UM, allies suppress damaging info
On November 28, CIR co-counsel Charles J. Cooper will appear before U.S. Federal district court Judge David Lawson to argue that CIR client Eric Russell has a sufficient interest in the outcome of litigation challenging Michigan’s Prop. 2 to justify his continued intervention in the case.
Russell is seeking information regarding the academic and post-graduate performance of students admitted to the University of Michigan on the basis of racial preferences. Fearing the release of this data, the ACLU moved in early October for summary judgment against Russell. The ACLU and other parties argue that Russell’s interest in the case was limited to having his 2006 application judged without regard to race and that the data he now seeks is legally irrelevant.
CIR President Terence Pell commented, “Eric Russell has a clear and personal interest in ensuring that Prop. 2 continues to be enforced in Michigan. And that interest is as strong and concrete today as it was a year ago.”
Pell continued, “Russell is an ongoing applicant for financial aid at Wayne State Law School. And he intends to apply to transfer to the University of Michigan Law School this spring. If the plaintiffs succeed in this suit, Russell has every reason to believe the defendants will again use race to make admission, transfer, and financial aid decisions at Michigan schools.”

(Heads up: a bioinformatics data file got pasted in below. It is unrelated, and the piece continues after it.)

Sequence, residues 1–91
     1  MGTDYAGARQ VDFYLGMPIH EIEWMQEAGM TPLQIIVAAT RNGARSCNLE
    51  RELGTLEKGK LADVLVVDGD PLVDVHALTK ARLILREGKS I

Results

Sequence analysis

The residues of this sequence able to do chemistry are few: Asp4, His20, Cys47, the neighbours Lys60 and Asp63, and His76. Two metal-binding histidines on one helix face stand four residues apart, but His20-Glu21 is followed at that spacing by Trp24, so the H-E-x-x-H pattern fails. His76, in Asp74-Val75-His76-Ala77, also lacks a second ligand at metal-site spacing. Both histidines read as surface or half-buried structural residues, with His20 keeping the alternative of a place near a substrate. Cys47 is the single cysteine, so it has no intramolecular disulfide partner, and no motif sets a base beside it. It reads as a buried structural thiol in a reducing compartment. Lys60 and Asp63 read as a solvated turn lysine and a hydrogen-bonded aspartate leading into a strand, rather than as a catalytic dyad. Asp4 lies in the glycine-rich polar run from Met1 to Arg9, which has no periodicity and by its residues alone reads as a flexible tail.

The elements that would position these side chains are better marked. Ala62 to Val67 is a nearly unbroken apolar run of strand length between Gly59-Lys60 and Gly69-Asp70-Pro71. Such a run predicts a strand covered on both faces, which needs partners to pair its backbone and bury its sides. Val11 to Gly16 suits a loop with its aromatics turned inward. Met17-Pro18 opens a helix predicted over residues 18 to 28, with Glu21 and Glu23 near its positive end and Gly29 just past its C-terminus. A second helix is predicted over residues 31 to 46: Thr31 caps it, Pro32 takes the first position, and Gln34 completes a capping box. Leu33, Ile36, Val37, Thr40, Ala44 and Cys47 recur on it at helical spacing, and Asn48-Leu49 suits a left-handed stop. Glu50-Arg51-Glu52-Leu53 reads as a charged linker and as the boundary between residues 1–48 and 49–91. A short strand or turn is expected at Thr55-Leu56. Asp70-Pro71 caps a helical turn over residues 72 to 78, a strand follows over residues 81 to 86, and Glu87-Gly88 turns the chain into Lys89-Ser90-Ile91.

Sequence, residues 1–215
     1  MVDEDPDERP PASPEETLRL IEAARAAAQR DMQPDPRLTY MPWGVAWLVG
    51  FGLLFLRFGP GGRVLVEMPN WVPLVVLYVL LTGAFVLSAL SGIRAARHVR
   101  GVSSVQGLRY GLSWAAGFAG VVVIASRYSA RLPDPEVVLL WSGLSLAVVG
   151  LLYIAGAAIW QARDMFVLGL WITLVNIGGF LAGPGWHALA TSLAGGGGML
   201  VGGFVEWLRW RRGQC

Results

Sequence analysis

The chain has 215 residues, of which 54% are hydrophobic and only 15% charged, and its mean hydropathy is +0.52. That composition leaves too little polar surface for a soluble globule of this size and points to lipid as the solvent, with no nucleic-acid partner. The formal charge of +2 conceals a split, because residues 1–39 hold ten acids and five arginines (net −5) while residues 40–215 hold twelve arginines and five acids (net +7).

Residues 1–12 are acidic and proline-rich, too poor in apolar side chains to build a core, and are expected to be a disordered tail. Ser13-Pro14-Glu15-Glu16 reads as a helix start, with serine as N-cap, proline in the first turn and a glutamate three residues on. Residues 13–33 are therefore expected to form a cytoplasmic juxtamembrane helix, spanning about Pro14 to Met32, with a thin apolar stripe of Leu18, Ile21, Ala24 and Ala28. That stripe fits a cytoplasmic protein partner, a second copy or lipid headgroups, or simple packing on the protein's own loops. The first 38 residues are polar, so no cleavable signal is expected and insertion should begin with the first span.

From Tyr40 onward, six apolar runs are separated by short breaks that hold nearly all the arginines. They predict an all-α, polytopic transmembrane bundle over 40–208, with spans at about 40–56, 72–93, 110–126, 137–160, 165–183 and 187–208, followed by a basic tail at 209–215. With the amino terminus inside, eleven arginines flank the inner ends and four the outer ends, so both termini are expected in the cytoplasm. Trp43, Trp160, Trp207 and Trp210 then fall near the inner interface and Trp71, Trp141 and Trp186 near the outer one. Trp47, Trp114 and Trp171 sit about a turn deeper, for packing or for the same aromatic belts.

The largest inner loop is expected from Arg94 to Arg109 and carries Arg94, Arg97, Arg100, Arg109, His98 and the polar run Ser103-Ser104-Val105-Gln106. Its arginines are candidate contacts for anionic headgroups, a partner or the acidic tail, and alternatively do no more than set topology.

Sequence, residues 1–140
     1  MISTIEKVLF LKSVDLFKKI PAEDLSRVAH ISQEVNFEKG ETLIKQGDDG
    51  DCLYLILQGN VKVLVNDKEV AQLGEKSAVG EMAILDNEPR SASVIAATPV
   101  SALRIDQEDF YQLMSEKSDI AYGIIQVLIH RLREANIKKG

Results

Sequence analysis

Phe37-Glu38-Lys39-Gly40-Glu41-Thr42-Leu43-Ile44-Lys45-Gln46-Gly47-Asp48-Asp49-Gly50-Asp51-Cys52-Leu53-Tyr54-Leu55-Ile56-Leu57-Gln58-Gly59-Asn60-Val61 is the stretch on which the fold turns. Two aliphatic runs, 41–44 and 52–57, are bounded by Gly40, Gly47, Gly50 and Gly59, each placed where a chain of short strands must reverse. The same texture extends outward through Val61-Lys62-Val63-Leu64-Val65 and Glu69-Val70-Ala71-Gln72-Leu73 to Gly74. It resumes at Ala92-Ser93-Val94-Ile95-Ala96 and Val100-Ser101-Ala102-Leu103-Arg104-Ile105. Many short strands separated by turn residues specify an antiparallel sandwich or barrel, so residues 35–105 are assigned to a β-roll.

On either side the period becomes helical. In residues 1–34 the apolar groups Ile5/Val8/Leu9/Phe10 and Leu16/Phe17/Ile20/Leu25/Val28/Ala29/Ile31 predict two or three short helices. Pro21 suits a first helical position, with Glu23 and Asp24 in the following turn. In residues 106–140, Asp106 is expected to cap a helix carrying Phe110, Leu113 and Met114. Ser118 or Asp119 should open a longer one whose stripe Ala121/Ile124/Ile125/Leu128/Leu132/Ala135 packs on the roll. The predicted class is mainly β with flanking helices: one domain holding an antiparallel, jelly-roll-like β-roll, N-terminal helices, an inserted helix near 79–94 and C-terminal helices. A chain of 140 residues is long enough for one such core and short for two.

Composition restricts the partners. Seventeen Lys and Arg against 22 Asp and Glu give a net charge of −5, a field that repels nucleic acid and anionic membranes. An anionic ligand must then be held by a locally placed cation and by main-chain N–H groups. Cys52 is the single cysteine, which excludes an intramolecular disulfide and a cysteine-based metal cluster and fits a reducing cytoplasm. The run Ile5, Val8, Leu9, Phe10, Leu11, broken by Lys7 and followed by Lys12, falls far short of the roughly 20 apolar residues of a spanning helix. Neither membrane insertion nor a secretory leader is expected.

Underlying the ACLU’s effort to dismiss Russell from the case is Russell’s motion to compel the production of documents tracking the academic and post-graduate professional performance of underrepresented minority students admitted to Michigan schools on the basis of racial preferences over an eleven year period. Russell’s evidentiary motion is pending before the court.
Research by UCLA Professor Richard Sander has shown that, nationwide, minority students admitted to law schools on the basis of preferences do worse academically and are much more likely to fail the bar exam as other students even after multiple tries.
Prof. Sander’s preliminary analysis of three years of data provided by the UM Law School indicates that black graduates of the UM Law School who took the bar appeared to be about eight times as likely to fail on their first attempt as compared with white graduates.
To fully assess the harms of racial preferences at Michigan schools, Russell seeks data for an eleven year period from graduate and undergraduate schools. The UM and other defendants in the case argue that the data is “legally irrelevant” to the issue of whether Prop. 2 is constitutional.
CIR President Terence Pell commented, “First the defenders of racial preferences say they don’t use preferences. Then they say preferences benefit minority students. Now they claim the data that would confirm whether preferences benefit minority students is irrelevant. This data is goes to the heart of claims made by the ACLU, BAMN and the other defenders of racial preferences.”